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My question is about remote files systems on Windows.

Suppose you have workstation X which has access to files systems on the network - say - \\ServerY\MYDir\.

Imagine a scenario that you have two simultaneous threads on X.

  1. Thread 1 is writing a file to local hard drive directory in X - C:\MYDir\.
  2. Thread 2 is writing to the remote file in \\ServerY\MYDir\.

I want to know are these two IO operations actually independent, i.e is thread 1 only using hard disk controller of X and thread 2 only using the network and passing all data to Server on the wire, where is is actually written to the hard drive on serverY.


Is thread 2 also making some local cache data in X (and hence using the hard disk controller on X). In this case the IO operations of thread 2 may interfere in operation of thread1 which may lead to possible performance loss.

Basically - will there be any gain in doing writes on a local file and that on a remote file in parallel?

My question is specific to remote file system supported by windows like Microsoft Networks or NFS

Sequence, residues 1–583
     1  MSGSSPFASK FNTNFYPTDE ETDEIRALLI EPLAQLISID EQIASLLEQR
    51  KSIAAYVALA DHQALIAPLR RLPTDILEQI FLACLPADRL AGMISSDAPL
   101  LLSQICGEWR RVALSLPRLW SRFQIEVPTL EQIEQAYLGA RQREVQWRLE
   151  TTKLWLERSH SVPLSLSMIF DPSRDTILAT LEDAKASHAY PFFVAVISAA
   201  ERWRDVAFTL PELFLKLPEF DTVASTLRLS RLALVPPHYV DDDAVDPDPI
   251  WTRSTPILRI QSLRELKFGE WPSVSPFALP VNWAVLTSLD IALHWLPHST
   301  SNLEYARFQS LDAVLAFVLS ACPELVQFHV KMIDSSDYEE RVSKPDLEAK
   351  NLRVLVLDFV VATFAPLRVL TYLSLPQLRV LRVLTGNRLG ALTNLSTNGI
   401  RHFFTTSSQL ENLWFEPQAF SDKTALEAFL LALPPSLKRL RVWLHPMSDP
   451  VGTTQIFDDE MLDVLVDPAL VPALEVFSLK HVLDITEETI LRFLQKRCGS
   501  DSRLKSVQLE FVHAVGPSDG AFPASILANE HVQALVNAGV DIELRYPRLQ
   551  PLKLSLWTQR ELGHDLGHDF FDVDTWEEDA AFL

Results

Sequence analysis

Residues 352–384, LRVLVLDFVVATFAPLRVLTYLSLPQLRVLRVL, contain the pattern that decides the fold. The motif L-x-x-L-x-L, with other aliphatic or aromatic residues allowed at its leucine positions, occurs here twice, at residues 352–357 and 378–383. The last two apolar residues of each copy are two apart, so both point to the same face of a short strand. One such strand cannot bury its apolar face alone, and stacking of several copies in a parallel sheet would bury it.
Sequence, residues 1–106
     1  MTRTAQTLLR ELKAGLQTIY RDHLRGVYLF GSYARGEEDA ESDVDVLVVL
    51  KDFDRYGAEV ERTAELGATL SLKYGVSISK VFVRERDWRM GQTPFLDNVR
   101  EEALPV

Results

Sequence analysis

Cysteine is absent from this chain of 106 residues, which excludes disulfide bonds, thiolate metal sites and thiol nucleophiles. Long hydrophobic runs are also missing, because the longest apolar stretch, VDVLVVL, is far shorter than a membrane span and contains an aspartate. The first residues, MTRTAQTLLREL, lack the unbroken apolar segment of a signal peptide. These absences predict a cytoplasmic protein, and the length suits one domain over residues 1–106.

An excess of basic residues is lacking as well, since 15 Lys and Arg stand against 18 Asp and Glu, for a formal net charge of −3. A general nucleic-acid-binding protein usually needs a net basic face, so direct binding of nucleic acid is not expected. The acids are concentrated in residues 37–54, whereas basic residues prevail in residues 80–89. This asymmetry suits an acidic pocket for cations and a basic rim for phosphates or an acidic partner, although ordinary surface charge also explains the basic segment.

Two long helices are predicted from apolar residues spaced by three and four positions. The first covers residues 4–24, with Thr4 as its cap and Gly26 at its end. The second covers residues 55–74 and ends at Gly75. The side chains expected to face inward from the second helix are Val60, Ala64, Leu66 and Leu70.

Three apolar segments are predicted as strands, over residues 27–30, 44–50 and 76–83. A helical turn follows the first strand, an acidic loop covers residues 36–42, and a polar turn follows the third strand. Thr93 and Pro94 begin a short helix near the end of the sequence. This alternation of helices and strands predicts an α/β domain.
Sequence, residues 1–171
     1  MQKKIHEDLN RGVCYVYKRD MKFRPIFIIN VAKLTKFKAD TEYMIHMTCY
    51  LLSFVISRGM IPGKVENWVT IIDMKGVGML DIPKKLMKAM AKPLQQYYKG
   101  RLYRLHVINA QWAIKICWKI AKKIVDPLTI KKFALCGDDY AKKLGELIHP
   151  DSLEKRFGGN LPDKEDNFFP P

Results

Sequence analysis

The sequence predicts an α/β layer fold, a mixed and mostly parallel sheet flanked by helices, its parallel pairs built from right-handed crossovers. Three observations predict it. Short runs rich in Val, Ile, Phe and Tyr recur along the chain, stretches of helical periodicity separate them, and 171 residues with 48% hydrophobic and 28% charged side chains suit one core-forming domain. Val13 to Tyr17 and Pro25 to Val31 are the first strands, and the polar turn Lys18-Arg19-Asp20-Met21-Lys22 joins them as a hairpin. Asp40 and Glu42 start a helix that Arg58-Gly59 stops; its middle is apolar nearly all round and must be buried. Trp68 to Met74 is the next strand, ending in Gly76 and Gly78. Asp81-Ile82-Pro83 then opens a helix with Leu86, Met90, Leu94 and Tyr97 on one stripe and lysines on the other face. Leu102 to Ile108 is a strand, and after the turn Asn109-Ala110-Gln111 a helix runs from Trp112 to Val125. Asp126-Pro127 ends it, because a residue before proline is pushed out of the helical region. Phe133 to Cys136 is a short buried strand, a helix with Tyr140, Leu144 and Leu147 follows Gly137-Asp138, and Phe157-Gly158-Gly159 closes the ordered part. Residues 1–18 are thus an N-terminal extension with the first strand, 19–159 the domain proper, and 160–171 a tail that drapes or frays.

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1 Answer 1

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Typically Thread2 will not cache the writes locally and the two threads are independent. So generally, yes you will see performance benefits from accessing both files simultaneously.

You will also usually see performance benefits from accessing two local files that are on different disks - even if they are on the same controller.

You can often see performance benefits even if the files are on the same disk because this allows you to keep the disk busy - but to avoid thrashing the head around you need to do IO in large blocks. If the local drive is flash then there is no seek time, so having multiple threads reading/writing to it doesn't reduce performance like it can on a hard drive.

A couple of things that can affect this: 1: Windows supports "offline files" where the client is allowed to cache files of a remote file system, both read and write on a local drive. It used to be that when the client would only use the local cache when offline. I don't know if Win8 changes this.

2: "\ServerY" might actually refer to the local machine.

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